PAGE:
trophic changes

troph·ic chang·es

changes resulting from interruption of nerve supply.
See also: neurotrophic atrophy.
Farlex Partner Medical Dictionary © Farlex 2012
References in periodicals archive ?
Macules due to trophic changes are present when the patient has chronic venous insufficiency.
Paraesthesia and pruritus was present in all the 6 patients; 4 patients had trophic changes with 2 patients suffering from foot ulcer.
Due to a large area of involvement and trophic changes in the foot, excision of the tumour was not attempted.
(2) There were symptoms of motor or trophic changes and vasomotor, sensory, and sudomotor/vasomotor changes.
There are four subgroups for CRPS based on signs and symptoms that include abnormal pain processing, changes in skin color and temperature, vasomotor abnormalities and edema, and motor dysfunction/ trophic changes. Most persons affected with CRPS report multiple symptoms throughout its course with varying degrees of duration and severity.
Clinical inspection showed bruising, coolness of the skin of the fingers III, IV and V of the right hand, callus of the epidermal tip of the previously mentioned fingers, and the presence of trophic changes on the tip of the III finger.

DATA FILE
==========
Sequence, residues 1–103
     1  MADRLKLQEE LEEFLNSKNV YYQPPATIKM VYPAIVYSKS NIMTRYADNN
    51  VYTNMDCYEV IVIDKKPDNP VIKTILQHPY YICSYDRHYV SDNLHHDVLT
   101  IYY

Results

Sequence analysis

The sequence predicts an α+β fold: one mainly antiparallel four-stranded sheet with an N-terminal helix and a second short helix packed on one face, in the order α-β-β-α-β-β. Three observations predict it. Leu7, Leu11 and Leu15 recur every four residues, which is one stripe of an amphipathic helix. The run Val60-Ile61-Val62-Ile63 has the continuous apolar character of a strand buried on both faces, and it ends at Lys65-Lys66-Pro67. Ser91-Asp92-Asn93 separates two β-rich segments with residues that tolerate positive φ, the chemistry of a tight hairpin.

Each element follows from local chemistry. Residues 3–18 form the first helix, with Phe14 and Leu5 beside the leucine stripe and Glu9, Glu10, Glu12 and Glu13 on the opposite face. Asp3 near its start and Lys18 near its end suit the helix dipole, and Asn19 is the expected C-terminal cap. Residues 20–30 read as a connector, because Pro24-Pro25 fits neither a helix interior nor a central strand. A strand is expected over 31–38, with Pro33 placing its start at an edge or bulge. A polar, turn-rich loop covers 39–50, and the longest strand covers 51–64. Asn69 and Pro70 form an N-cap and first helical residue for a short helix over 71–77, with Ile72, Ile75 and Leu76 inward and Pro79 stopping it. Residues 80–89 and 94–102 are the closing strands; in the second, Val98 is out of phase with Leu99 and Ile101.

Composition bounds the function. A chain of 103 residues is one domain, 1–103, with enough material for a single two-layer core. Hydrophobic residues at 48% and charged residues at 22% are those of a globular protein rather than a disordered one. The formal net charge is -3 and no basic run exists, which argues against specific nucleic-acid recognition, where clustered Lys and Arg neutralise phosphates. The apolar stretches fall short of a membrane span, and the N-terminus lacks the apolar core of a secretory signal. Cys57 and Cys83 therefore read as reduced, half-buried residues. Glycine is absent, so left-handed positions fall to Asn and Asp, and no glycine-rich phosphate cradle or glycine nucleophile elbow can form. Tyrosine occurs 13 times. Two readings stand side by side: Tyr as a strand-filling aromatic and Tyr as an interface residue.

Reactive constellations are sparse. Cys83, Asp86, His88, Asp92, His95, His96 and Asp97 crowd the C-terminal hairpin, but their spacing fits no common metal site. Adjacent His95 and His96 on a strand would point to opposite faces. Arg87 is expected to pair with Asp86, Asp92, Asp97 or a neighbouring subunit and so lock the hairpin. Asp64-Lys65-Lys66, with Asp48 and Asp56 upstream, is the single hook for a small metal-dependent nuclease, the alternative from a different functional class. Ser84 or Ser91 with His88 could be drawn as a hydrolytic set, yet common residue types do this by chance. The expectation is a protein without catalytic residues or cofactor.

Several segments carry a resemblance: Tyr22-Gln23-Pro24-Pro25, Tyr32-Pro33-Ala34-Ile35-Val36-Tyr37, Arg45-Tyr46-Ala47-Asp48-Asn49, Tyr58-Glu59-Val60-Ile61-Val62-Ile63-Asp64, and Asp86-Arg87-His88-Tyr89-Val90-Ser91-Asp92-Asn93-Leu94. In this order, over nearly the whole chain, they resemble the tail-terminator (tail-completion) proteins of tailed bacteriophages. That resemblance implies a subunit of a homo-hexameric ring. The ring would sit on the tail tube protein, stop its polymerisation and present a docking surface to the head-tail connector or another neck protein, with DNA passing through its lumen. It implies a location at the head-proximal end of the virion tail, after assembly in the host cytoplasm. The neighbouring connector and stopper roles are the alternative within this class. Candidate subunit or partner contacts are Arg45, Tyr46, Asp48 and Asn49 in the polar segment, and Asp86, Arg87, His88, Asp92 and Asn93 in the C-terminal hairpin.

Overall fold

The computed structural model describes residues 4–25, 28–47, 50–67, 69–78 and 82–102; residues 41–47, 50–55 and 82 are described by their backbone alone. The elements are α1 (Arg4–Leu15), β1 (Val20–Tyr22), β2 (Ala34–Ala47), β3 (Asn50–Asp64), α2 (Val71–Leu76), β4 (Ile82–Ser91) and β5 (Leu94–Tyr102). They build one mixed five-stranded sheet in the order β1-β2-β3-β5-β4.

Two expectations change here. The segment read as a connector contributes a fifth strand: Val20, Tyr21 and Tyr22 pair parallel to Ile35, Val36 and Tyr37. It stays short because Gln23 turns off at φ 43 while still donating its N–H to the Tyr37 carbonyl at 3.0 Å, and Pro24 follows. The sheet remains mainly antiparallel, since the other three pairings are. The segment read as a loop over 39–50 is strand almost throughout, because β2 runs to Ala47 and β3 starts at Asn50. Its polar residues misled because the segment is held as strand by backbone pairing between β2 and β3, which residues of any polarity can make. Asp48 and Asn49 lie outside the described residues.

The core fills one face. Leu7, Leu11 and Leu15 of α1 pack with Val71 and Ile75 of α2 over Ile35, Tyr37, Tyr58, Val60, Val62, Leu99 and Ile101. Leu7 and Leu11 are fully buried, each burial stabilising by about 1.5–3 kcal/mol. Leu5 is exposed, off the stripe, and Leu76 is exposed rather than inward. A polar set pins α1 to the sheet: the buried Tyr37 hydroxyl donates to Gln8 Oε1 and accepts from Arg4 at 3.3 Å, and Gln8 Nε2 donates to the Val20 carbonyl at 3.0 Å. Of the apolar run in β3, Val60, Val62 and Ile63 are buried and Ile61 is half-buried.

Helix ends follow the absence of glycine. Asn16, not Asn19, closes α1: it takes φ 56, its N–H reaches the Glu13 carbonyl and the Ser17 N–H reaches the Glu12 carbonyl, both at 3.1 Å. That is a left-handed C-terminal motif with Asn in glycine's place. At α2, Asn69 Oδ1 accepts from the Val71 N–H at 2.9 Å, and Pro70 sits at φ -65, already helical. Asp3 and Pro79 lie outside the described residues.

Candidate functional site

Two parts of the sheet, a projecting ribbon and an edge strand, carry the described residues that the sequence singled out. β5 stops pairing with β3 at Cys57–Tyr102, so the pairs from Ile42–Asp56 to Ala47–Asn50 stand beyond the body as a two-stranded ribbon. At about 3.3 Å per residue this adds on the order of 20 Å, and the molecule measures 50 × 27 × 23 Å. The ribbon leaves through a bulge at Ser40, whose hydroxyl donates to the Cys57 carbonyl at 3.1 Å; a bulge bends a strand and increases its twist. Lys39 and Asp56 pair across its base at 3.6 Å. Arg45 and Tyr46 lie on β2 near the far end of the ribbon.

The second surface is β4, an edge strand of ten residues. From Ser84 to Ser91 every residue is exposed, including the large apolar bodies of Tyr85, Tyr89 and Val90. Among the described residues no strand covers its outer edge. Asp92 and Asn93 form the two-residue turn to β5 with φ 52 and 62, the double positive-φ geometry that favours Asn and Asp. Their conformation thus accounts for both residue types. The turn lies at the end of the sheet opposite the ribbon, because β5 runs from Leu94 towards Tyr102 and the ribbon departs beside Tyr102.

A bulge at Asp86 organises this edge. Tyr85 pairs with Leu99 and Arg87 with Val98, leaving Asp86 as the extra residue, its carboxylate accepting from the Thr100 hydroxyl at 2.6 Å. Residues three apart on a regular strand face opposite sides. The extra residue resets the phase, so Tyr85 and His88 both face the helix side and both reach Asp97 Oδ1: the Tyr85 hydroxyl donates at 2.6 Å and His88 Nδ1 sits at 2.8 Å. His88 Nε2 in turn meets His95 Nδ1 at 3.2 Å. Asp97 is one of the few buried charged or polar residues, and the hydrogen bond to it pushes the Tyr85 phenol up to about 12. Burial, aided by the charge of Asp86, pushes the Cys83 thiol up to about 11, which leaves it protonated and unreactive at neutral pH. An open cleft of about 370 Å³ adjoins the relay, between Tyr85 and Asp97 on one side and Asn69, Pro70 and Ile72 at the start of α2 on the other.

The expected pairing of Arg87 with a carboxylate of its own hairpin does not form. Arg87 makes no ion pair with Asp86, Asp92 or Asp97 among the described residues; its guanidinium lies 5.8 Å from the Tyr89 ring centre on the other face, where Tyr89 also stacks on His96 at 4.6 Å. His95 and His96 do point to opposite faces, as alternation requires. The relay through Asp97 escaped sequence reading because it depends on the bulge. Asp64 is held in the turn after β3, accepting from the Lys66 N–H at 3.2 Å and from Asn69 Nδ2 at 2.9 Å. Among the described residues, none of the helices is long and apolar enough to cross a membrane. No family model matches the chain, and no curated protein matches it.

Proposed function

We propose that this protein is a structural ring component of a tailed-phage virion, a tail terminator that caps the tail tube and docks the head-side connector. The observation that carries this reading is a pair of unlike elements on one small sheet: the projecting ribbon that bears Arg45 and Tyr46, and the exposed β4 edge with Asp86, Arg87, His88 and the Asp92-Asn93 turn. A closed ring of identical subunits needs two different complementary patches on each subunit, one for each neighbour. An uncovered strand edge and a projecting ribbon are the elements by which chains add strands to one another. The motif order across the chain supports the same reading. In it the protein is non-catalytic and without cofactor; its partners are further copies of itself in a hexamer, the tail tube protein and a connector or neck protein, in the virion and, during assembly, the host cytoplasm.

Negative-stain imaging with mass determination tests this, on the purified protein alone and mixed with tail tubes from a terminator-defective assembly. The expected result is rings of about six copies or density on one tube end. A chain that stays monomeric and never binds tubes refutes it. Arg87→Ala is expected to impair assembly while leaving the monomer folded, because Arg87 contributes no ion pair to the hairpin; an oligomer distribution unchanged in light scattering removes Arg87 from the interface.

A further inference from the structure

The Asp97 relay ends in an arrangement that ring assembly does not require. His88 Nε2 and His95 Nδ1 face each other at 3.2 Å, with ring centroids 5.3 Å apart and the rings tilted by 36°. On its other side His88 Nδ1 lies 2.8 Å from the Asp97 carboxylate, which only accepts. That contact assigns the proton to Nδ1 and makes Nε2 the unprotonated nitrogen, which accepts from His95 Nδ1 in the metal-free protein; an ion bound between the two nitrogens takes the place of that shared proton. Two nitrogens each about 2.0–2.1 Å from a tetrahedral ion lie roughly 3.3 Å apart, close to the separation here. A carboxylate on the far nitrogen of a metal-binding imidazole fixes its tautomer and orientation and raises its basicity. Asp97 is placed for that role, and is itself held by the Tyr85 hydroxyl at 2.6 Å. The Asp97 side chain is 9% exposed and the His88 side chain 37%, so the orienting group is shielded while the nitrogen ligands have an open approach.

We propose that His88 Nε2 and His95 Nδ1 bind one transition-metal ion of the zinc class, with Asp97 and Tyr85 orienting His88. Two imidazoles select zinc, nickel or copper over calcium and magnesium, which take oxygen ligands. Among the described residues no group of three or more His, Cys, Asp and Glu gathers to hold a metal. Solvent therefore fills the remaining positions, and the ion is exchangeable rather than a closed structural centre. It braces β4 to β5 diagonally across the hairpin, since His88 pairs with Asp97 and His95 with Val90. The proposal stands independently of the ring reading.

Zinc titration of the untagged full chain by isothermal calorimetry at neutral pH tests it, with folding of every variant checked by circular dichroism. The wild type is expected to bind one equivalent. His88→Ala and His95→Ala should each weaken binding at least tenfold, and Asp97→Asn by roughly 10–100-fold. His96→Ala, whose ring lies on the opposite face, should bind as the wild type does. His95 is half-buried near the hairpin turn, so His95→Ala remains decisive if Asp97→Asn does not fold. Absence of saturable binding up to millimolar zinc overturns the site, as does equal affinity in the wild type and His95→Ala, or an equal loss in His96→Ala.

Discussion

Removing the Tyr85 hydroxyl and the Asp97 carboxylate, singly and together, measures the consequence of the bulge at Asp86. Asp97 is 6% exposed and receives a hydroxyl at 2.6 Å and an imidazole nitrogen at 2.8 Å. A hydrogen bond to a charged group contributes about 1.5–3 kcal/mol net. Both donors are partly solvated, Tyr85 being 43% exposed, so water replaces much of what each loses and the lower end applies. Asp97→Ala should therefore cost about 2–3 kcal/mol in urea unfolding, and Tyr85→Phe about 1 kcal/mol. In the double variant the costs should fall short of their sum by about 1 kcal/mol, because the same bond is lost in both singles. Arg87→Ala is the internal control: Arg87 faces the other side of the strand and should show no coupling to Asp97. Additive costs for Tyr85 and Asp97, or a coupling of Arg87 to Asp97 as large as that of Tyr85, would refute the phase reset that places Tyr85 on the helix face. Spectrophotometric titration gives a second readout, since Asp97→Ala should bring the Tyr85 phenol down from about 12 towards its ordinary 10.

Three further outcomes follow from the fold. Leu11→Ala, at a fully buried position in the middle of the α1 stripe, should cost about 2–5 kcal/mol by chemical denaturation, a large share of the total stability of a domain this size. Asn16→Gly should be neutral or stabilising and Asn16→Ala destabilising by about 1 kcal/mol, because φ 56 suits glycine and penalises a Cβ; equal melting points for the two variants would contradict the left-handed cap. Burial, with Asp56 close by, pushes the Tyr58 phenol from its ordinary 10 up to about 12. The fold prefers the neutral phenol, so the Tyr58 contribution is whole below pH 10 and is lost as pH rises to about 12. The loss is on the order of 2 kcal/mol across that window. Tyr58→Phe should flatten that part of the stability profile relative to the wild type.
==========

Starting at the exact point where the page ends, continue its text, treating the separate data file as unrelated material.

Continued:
CRPS type I is indicated by pathological sensory, motor, sudomotor, vasomotor, and/or trophic changes, most commonly localized to the distal part of the extremities (1,3).
Changes in skin color and temperature, trophic changes in hair and nails, sweating and edema accompany pain.
Presence of at least one of the symptoms from each of the four main symptom groups: Sensory - Hyperesthesia Vasomotor - Changes in temperature and/or changes in skin color and/or asymmetrical skin color Sudomotor/edema: Edema and/or changes in perspiration and/or asymmetrical perspiration findings Motor/trophic: Decreased range of joint motion and/or motor dysfunction (weakness, tremor, and dystonia) and/or trophic changes (skin, nails and hair)
Relationship between pain symptoms and referred sensory and trophic changes in patients with gallbladder pathology.
Stage I disease is characterized by ankle edema without trophic changes, stage II by edema plus hyperpigmented or depigmented areas and indurations, and stage Ill by open or healed leg ulcers.